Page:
Monday, October 03, 2011

Port Authority Screws Bus Commuters Again

Even after imposing massive fare and toll hikes that hit commuters from New Jersey hard, the Port Authority is rubbing it in the faces of bus commuters.

There will be no relief for the nearly 225,000 people who ride NJ Transit buses into the Port Authority bus terminal. More than half are from Bergen or Passaic counties and ride NJ Transit. A promised $800 million expansion of the terminal will not happen, and the Port Authority cites the lower fare and toll hikes.

What the Port Authority isn't saying is that it has failed to get the proposed skyscraper over the bus terminal off the drawing board. The air rights are an invaluable resource that the Port Authority has squandered and would help with the expansion and renovation of the bus terminal that has seen little in the way of upgrades over the years.

The bus terminal is a depressing and squalid place, and yet commuters have been able to get around because buses are more reliable than trying to drive in and fight the traffic. Yet, buses have no place to go once they're in Manhattan and are forced to make return trips into New Jersey to be stored for the rush hour. In the evening, this means that buses clog up the inbound approach and the slightest delays can multiply into massive problems for bus-bound commuters. What should be a 45 minute commute can easily become twice that. There was no reliability on commutes, which is why Mrs. Lawhawk opted to pay more to take the trains rather than deal with the crummy bus service, even though the buses have more frequent operating times.

There is inadequate parking for buses near the terminal, and the Port Authority is again failing on a key part of its obligation to maintain transit systems in the New York City metro region.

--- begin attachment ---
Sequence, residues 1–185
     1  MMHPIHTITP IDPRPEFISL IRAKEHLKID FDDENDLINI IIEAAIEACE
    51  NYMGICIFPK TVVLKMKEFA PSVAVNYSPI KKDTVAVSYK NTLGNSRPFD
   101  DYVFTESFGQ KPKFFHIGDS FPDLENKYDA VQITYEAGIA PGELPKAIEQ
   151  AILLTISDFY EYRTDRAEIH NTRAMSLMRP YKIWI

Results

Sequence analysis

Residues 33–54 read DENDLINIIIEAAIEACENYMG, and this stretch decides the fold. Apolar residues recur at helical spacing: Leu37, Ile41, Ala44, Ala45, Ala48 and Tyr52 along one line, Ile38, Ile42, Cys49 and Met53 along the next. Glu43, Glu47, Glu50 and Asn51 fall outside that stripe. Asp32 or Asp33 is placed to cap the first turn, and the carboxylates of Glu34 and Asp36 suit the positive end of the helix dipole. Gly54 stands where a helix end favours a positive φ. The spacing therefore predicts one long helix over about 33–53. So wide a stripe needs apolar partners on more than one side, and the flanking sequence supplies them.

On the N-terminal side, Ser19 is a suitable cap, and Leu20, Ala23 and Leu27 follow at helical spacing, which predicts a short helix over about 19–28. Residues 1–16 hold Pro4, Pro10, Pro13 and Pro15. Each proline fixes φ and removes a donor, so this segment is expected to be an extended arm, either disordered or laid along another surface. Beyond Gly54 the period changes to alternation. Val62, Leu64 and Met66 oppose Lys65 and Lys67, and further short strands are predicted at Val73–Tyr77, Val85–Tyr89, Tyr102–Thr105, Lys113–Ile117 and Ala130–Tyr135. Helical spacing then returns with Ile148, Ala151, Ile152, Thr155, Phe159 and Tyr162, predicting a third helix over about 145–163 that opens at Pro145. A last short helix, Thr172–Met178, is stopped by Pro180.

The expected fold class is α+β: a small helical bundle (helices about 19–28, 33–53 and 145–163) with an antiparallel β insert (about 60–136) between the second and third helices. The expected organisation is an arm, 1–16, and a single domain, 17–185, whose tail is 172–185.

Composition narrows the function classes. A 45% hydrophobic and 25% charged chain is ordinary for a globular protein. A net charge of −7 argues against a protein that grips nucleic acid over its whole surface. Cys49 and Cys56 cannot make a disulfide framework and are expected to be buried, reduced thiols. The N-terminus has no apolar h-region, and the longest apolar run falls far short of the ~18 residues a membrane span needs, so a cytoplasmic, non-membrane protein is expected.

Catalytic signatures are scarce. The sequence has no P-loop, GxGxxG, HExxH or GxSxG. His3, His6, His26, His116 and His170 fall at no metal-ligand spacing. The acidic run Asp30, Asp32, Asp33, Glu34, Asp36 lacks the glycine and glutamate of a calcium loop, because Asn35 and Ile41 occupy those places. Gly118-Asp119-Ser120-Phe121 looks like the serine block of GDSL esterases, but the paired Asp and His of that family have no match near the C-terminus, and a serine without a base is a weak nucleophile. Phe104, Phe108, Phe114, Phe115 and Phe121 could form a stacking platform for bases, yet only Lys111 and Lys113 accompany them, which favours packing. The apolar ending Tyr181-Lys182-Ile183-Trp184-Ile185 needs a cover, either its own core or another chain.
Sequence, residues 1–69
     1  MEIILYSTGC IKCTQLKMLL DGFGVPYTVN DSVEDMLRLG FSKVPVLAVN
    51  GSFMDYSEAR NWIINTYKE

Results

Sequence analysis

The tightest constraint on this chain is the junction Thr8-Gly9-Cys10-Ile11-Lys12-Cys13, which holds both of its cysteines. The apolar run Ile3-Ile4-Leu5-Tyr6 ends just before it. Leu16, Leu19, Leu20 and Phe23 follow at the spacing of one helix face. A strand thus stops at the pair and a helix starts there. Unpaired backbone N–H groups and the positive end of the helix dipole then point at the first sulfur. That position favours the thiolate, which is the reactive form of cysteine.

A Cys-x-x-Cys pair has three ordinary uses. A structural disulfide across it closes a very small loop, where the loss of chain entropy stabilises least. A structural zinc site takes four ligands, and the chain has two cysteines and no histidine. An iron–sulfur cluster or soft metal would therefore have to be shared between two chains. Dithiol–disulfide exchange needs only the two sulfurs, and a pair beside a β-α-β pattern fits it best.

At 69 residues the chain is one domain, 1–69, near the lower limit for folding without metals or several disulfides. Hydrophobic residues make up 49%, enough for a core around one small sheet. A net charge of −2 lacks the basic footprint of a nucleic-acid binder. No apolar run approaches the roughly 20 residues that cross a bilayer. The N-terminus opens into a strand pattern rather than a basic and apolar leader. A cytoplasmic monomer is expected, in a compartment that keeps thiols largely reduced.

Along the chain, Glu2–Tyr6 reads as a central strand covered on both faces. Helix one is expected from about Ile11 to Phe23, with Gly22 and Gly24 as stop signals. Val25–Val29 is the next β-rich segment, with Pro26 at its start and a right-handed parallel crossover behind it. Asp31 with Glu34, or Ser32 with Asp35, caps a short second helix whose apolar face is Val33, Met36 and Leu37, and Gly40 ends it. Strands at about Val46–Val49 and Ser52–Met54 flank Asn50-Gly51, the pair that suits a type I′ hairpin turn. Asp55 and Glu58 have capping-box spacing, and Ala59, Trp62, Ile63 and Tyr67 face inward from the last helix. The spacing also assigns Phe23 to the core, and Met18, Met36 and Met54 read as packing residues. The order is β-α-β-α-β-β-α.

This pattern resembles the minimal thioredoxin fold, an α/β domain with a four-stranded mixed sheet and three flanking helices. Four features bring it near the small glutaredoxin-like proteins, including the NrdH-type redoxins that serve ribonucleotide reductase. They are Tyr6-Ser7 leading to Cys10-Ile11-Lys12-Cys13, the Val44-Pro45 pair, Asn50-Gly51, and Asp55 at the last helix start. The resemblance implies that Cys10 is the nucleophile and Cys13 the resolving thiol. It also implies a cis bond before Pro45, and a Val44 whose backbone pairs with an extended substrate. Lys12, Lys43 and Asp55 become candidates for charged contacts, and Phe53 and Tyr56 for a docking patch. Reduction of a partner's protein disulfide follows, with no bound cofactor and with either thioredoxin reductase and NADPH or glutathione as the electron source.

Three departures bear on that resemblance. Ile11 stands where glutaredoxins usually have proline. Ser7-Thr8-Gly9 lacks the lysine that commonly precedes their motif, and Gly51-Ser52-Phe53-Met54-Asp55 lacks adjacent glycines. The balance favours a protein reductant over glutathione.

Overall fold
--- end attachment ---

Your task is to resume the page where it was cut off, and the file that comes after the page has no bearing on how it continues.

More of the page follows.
It needs to get a deal done to build the skyscraper over the bus terminal so that it can fund the critical expansion project. Moreover, it needs to reduce its costs at the WTC PATH hub, which is where the bulk of the cost overruns have been. The Port Authority claimed that it needed the toll and fare hikes to cover higher costs at Ground Zero, but when you break down the costs for individual components, one sees that the overwhelming majority of overruns have been for the Santiago Calatrava-designed PATH hub. Instead of $2.2 billion, the project is now expected to run $3.44 billion. That's $1.24 billion more than originally expected, and by itself can explain the need for fare and toll hikes. That amount keeps rising, despite any claims for cost containment from the agency.

Had the Port Authority been able to contain costs on the PATH hub, it would have been able to build out the expanded bus terminal. Instead, we get fare hikes, and no bus terminal expansion for the foreseeable future.

Excellent work there by the Port Authority. [sarcasm]

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